This was entirely evident in the series of field trips I made this year to visit library spaces that had integrated the idea of the commons. Read More »
Submitted by Michael Stephens on September 29, 2008 - 12:03pm
During the past few months, I've explored various in carnations of the student-centered learning and technology commons. I'm pleased to see this trend in academic libraries gaining more and more ground. We visited the IU South Bend Commons last time, an example of a smaller university library thinking big and applying the same concepts and strategies for student space and making it work. On a wind swept, rainy day last April, I toured the inviting Information Commons at Loyola University, where community, collaboration and connectivity guided the student- centered space. And this summer while in Georgia, we visited the Georgia Tech Library Learning Commons that features spaces and technologies to enable all types of student, faculty and staff interaction.
There's one more stop - and sadly, I haven't visited this outstanding example of student space in person but via the photos shared on Flickr. So I emailed Stacey Greenwell, Head of the Information Commons (The Hub) at the University of Kentucky to find out more about the incredible spaces and help desk I'd seen on Flickr. She obliged with this detailed interview: Read More »
Submitted by Michael Stephens on September 3, 2008 - 9:52am
On the new commons, Michelle Russo, Dean of Library Services at the Franklin D. Schurz Library at Indiana University South Bend, states:
To send the message that this was a welcoming place, the wall separating the room from the lobby was removed. The stacks were turned 90? which allowed natural light to flow from the windows between the aisles to the center of the room.
The new service desk was also designed to send a welcoming message. It allows space for librarians, IT consultants, and multimedia specialists to work at one of two levels. The counter-height level allows service to people as they walk into the Commons, while the lower desk-height permits one to work at eye level with students in a wheelchair or with those who want to be seated as they receive more in-depth assistance. Read More »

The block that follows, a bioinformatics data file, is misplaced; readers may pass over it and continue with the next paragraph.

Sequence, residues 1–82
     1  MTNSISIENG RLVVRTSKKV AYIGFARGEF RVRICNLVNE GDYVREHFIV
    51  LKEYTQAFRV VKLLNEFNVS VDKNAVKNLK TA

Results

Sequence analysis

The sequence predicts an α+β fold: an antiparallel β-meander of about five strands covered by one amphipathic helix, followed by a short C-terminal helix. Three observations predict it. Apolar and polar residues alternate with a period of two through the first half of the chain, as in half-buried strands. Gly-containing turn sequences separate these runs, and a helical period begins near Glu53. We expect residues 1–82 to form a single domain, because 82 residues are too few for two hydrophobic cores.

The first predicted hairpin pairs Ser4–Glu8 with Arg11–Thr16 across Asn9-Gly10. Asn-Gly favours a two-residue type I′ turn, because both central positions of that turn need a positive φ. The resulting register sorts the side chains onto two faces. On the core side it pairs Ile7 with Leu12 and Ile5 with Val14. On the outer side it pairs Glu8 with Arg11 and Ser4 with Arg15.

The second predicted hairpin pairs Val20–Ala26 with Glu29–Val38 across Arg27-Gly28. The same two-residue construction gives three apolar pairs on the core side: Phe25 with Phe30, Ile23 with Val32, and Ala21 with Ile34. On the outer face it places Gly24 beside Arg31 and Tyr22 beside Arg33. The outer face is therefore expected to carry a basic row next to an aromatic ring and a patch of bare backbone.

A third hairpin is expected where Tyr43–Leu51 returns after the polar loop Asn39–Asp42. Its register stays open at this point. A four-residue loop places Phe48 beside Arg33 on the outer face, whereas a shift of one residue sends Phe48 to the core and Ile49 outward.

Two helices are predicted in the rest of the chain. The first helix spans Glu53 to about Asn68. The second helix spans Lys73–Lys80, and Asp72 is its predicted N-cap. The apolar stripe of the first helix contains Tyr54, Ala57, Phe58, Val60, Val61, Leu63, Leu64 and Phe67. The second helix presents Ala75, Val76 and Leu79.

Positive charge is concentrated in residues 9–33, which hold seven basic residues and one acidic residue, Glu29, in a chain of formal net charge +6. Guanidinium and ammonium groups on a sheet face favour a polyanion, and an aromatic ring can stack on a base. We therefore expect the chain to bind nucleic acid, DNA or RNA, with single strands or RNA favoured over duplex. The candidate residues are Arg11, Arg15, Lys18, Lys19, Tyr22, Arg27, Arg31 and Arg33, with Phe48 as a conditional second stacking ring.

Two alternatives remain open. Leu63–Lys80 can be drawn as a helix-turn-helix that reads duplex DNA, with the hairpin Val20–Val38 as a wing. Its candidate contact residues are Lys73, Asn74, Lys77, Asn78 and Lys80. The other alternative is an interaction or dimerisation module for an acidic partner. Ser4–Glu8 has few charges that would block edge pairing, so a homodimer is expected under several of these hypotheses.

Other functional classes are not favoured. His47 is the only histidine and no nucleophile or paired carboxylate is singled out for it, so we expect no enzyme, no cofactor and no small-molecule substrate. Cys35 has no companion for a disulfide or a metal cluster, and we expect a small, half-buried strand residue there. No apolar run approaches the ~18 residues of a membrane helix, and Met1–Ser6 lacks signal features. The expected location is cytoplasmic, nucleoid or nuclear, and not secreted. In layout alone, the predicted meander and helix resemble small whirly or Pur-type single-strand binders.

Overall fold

Submitted by Michael Stephens on August 4, 2008 - 11:12am
These results lead to the creation of spaces in the Learning Commons East and West that were inspiring, useful and flexible. We talked about creating an experience for students, making the library a memorable place. Bob said one goal would always be to "engage students from the beginning." I was reminded of the Welcome event Brian write about: poker, DDR, speed dating and more welcomed freshman to the library!
One thing Bob kept emphasizing:
"We don't build walls here." Read More »
Submitted by Michael Stephens on July 15, 2008 - 10:28am
First up, let’s get the obvious out of the way: Folks at ALA 2008 in Anaheim, California were all “A-Twitter!” Of course there was also much Flickring, texting, blogging, IMing and any other 2.0-ish, social-networkey “ing” you can name going on as well.
Read More »
Submitted by Michael Stephens on June 18, 2008 - 12:24pm
Darien Library's John Blyberg weighs in on the construct of information experience as libraries move forward in a very different world:
The difference now, as opposed to even five years ago, is that we also operate within a global context that empowers us to quickly recall data and assemble it into our own personal nebulae. In other words, information use has become an expression of self--that’s not something libraries ever accounted for. When I talk about this, I refer to it as the “information experience” because, for the growing number of us who participate in the hive, we build our own network of information and interaction that accompanies us through our lives. We literally construct highly-personalized information frameworks and place a huge amount of personal reliance upon them. Ten years ago, this wasn’t the case. Read More »